When Socinianism was at the height of its power, Andrew Fuller challenged it in its self-professed point of greatest strength --the virtue encouraged by its principles of theistic rationality. Do the extended implications of its principles compare favorably with Calvinism in the development of virtue?
Using their own writings and the admissions they make concerning piety and virtue among Socinians, Fuller compared both systems in their tendency to convert profligates to a life of holiness, to convert professed unbelievers, their development of a standard of morality, to encourage love to God, candor and benevolence toward men, encourage humility and charity, promote love for Christ and veneration of Scripture, develop happiness, cheerfulness, gratitude, obedience, and heavenly-mindedness in the followers of the respective systems. If challenged that he is being judgmental and has focused on subjective criteria, Fuller replied that he is merely engaging the Socinians at the place where they have invited investigation. Fuller intended to lay bare the emptiness of the Socinian boast to virtue.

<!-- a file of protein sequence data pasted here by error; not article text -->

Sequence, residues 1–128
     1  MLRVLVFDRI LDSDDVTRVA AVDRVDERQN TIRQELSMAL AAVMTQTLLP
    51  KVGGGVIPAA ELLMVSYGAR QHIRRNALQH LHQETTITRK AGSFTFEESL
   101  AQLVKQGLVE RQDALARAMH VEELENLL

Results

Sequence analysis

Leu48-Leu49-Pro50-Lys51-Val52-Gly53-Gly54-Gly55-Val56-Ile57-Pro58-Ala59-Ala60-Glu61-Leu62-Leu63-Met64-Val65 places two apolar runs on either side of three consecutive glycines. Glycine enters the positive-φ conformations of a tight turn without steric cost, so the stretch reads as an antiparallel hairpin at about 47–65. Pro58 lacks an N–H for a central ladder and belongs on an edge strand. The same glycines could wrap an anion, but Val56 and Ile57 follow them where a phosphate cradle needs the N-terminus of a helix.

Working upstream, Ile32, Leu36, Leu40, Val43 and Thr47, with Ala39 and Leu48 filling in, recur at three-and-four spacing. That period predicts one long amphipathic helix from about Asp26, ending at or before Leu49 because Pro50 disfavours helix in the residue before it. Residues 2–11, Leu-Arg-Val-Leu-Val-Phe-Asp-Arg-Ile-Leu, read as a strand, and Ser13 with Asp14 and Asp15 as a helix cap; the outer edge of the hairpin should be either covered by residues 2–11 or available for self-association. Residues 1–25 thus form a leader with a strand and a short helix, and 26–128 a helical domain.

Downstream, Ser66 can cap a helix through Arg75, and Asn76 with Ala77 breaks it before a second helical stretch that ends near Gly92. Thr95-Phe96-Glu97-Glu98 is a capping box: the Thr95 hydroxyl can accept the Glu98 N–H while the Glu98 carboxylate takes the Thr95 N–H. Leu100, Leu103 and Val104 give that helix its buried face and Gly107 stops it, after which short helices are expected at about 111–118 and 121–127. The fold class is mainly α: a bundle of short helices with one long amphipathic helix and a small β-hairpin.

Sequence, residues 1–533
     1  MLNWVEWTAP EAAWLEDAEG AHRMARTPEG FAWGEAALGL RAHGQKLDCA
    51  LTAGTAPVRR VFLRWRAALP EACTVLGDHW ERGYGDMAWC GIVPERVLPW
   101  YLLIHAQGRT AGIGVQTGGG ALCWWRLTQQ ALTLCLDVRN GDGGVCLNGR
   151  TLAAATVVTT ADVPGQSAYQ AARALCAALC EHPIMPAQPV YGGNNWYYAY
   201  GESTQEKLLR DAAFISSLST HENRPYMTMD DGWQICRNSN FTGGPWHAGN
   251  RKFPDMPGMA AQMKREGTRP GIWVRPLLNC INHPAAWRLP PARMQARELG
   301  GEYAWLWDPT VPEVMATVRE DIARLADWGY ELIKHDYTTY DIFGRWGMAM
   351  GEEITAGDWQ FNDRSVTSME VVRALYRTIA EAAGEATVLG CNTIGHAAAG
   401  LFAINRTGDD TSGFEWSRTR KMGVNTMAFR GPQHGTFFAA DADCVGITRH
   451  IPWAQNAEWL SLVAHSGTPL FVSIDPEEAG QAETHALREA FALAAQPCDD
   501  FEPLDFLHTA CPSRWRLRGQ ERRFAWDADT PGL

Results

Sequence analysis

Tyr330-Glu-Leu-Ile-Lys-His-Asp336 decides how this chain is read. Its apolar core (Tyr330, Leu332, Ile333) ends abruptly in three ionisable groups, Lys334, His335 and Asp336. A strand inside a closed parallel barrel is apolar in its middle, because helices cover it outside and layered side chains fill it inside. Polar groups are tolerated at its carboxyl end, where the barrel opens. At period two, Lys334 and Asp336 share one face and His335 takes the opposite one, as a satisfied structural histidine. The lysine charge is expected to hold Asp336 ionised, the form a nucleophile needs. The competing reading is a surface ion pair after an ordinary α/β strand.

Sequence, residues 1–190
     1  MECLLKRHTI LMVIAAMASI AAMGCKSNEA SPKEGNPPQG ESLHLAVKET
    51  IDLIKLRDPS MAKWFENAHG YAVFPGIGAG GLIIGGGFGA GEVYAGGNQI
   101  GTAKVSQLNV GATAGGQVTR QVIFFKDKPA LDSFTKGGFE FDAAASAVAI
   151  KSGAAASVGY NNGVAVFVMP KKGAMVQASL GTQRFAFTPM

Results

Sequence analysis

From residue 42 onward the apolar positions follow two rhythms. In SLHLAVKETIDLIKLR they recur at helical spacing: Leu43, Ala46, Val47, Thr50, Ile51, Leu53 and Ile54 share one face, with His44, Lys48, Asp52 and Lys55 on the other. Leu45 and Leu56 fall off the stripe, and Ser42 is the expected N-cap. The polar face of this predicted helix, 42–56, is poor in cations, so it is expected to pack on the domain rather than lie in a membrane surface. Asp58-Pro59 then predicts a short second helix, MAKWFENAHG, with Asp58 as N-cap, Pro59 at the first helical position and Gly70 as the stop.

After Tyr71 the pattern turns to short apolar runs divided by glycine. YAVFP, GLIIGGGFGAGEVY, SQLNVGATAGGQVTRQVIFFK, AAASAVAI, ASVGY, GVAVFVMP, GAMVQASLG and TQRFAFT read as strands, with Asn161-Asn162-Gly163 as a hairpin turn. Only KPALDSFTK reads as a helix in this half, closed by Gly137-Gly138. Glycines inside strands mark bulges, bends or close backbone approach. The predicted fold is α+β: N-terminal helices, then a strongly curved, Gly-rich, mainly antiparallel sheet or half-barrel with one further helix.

The work first was published in 1793.